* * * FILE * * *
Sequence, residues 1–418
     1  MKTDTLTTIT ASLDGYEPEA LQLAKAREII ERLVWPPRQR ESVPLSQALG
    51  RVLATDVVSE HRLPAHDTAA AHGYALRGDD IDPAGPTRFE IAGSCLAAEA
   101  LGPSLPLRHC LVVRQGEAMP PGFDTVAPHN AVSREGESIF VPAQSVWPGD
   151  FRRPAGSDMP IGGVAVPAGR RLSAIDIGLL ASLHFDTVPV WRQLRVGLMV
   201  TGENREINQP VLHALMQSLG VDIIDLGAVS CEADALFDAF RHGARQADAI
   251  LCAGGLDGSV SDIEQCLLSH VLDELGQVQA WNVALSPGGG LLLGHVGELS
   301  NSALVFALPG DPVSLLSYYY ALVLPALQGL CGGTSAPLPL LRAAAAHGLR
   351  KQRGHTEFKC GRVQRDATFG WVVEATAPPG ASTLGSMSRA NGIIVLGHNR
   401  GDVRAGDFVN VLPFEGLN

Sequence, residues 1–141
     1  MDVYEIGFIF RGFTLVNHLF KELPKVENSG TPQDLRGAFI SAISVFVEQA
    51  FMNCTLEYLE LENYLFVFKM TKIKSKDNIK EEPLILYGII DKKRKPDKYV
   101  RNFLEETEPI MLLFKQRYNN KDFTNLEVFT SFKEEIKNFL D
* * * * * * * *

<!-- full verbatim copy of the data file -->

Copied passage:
Sequence, residues 1–418
     1  MKTDTLTTIT ASLDGYEPEA LQLAKAREII ERLVWPPRQR ESVPLSQALG
    51  RVLATDVVSE HRLPAHDTAA AHGYALRGDD IDPAGPTRFE IAGSCLAAEA
   101  LGPSLPLRHC LVVRQGEAMP PGFDTVAPHN AVSREGESIF VPAQSVWPGD
   151  FRRPAGSDMP IGGVAVPAGR RLSAIDIGLL ASLHFDTVPV WRQLRVGLMV
   201  TGENREINQP VLHALMQSLG VDIIDLGAVS CEADALFDAF RHGARQADAI
   251  LCAGGLDGSV SDIEQCLLSH VLDELGQVQA WNVALSPGGG LLLGHVGELS
   301  NSALVFALPG DPVSLLSYYY ALVLPALQGL CGGTSAPLPL LRAAAAHGLR
   351  KQRGHTEFKC GRVQRDATFG WVVEATAPPG ASTLGSMSRA NGIIVLGHNR
   401  GDVRAGDFVN VLPFEGLN

Sequence, residues 1–141
     1  MDVYEIGFIF RGFTLVNHLF KELPKVENSG TPQDLRGAFI SAISVFVEQA
    51  FMNCTLEYLE LENYLFVFKM TKIKSKDNIK EEPLILYGII DKKRKPDKYV
   101  RNFLEETEPI MLLFKQRYNN KDFTNLEVFT SFKEEIKNFL D